We've gone to great lengths to explain the differences between GPS and aGPS and also generally celebrated the arrival of full-on aGPS on many a carrier. One thing, though, if you have one of these fancy, aGPS phones, you may not necessarily want to have the thing on, because it could potentially make your GPS acquisition times worse.

The advice comes to us by way of MyTodayScreen and here's the nut of it: if you're using an unlocked device or an otherwise non-carrier-supported device, it's a good bet that turning on aGPS is going to lengthen your acquisition time as the assisted part of it tries (and fails) to get location information from the local tower. They ran into the issue using a TouchHD, where turning off aGPS sped up acquisition time significantly. I've had the same issue on the HTC s740 on AT&T: turning off aGPS made a big difference for me, too.

Yeah, sorry, it's not a simple situation (this stuff never is). Even if you are using a fully-supported device on its proper carrier and aGPS is up and running in your area, it's still one more potential point of failure. Just because things are getting better on the GPS front doesn't mean that Microsoft, manufacturers, and carriers don't have a long way to go to making location hardware simple.

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AT&T gives your GPS a boost

AT&T has flipped the switch on its Autonomous GPS service, which should help your aGPS enabled phone connect to the satellites much more quickly. (Surprisingly, AT&T hasn't had this enabled until now.)

"But Phil," you ask, "I already have GPS on my phone. What's aGPS going to do for me?"

To answer that question, we return to everyone's favorite WM Expert, Malatesta, who in January brought us a great tutorial on the kissin' cousins of the Global Positioning System.

Read GPS vs. aGPS: A Quick Tutorial.

Then step outside, fire up your favorite mapping app, and let us know in the comments if you can see a difference.

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One neat feature that we've mentioned recently in our Podcast was Palm's unique "Maps" program and Today Plugin, which is nicely tied into the phone's aGPS system.

Palm has always done a nice job in marrying the hardware to the software and instead of just slapping some GPS on the phone, they actually made it...well, useful and easy.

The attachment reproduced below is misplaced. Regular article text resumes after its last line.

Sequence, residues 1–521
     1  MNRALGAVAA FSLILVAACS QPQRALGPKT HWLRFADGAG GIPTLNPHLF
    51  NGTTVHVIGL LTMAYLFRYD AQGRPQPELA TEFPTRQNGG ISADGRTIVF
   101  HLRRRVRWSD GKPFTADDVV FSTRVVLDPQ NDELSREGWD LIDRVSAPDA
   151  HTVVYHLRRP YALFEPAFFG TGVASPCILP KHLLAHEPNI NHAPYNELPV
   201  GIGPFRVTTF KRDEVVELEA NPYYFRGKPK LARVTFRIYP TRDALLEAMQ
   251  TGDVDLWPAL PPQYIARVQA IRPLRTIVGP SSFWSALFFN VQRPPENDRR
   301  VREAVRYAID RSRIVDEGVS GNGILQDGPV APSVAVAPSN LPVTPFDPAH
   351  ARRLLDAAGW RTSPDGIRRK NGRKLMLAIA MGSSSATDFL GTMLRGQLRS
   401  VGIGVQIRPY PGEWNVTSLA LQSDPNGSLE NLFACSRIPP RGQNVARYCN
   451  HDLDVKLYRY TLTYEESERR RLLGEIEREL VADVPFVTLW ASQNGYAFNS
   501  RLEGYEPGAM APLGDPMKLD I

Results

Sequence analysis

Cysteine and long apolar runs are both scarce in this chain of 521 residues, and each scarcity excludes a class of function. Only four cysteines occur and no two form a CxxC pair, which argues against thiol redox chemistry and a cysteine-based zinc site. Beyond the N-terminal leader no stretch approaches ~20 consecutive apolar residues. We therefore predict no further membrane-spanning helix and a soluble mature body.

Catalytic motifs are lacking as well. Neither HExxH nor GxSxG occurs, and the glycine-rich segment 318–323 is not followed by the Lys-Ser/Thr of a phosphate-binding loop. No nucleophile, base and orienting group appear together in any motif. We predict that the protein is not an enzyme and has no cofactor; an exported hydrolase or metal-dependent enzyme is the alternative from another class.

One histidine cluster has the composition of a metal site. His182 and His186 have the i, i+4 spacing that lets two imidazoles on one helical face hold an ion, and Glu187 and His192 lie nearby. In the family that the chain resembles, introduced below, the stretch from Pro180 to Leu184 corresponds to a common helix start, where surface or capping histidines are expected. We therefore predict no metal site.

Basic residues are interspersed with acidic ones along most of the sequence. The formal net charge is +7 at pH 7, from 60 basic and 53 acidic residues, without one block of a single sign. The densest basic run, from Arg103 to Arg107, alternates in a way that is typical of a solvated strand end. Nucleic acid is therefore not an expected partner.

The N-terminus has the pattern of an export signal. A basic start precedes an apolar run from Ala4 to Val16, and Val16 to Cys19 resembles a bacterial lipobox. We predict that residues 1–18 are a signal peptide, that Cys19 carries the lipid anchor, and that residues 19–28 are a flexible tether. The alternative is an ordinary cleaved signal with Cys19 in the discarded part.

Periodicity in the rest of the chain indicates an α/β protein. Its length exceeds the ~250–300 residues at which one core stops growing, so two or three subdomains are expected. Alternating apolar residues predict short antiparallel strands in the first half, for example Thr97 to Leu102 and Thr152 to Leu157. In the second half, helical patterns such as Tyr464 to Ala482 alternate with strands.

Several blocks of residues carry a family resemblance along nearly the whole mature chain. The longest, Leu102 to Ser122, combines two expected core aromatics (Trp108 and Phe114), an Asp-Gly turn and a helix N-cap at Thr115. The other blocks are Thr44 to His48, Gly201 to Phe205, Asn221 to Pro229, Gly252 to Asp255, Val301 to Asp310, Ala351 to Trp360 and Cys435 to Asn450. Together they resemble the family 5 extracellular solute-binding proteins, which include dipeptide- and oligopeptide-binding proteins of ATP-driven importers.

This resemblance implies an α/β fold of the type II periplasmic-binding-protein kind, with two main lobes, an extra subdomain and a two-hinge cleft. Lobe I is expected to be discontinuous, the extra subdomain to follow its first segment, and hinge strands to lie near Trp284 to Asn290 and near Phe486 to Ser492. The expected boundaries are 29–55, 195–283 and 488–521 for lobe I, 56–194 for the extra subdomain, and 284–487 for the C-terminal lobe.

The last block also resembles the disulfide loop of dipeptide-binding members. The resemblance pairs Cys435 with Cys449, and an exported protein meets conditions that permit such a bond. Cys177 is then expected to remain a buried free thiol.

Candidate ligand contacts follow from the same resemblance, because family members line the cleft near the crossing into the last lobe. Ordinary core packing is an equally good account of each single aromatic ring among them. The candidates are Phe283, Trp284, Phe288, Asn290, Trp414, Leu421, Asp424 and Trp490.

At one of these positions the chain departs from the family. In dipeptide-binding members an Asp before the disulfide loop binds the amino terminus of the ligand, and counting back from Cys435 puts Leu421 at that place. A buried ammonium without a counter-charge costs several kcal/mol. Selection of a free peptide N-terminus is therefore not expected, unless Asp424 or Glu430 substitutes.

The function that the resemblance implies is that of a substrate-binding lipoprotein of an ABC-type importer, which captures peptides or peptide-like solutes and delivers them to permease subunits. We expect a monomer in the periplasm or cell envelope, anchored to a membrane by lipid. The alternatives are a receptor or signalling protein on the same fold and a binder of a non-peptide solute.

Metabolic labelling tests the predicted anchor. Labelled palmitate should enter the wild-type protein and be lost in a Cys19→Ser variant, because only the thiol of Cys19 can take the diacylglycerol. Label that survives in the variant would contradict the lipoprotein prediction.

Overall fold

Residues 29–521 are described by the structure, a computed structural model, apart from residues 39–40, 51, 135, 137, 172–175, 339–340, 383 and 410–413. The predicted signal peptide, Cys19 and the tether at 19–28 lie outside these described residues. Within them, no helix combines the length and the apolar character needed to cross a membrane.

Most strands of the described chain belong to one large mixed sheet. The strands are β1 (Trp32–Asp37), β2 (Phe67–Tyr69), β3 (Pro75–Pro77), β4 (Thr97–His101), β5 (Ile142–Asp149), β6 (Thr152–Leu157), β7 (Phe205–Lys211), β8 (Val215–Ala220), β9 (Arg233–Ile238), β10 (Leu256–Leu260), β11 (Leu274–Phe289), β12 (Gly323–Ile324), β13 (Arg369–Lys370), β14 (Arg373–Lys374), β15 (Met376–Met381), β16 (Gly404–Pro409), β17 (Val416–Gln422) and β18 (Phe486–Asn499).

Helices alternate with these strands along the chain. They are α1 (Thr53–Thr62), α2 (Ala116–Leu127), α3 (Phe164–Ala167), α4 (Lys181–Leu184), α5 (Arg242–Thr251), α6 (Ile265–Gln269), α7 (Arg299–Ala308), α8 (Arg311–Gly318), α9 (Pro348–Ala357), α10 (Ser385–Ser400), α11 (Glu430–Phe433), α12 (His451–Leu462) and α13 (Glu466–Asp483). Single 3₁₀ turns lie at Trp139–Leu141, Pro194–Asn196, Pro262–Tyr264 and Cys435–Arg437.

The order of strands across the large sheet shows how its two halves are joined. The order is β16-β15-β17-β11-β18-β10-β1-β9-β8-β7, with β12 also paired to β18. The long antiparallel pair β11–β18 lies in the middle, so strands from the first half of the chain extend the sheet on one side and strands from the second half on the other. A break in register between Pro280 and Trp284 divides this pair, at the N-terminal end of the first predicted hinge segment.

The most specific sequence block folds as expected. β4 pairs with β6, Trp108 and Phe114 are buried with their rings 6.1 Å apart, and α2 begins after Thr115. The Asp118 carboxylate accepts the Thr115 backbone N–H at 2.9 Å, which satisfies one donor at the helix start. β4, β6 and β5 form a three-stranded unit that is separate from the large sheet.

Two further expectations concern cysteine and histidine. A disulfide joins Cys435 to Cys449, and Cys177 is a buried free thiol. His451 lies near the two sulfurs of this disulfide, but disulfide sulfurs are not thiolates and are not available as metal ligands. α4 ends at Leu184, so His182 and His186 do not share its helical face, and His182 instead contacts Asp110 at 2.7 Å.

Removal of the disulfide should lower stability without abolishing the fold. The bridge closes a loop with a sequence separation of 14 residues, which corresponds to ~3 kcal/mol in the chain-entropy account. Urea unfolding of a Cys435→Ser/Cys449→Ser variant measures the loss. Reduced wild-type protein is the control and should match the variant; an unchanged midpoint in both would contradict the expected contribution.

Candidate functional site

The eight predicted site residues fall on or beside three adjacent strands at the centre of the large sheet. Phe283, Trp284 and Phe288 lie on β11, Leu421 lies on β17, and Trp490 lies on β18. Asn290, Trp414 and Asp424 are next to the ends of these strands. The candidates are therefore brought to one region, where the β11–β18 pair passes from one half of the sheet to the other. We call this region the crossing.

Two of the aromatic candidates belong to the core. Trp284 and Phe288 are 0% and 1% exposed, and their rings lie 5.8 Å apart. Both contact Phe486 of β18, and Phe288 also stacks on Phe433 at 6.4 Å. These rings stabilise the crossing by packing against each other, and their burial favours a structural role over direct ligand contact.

Here are a couple of interesting things gleaned from past scoops and the recently released user manual...

Read on for more details on the 800w's GPS capabilities...

Features:

  • Look up a contact's location directly from your Today screen (p240)
  • Find people, restaurants, movies, etc. using the GPS Today plugin (p182)
  • Map your current, recent, and street locations

It also appears that at least for some of these functions, it uses the much superior assisted-GPS system, meaning your current geographical location should happen within seconds, as opposed to the longer "cold start" of traditional GPS systems (read our GPS vs aGPS tutorial here). This should make it faster than the Sprint Touch, Mogul and Q9c which don't use the assistance servers out-of-the-box. Stay tuned for more details.

Basically how it works is while on the today screen, you can just type the name of your contact, hold down the center key and select the "Find" menu entry. The GPS will then map that contact's address directly on the screen.

The other unique feature involves the "Point of Interest" plugin which is sort of like having Microsoft's Live Search built right in to the Today screen. All you do is type in whatever you are looking for and hit "enter" and it will look up and map the info directly, all based on your aGPS coordinates.

That brings us finally to that last aspect. the program "Maps". Not much is currently known about this except it looks like Goolge Maps (but isn't?) and it is not Live Search, though we understand both programs will work with the device's built in GPS. This app appears to be a custom mapping program that is streamlined and tied closely to the OS, for seamless integration.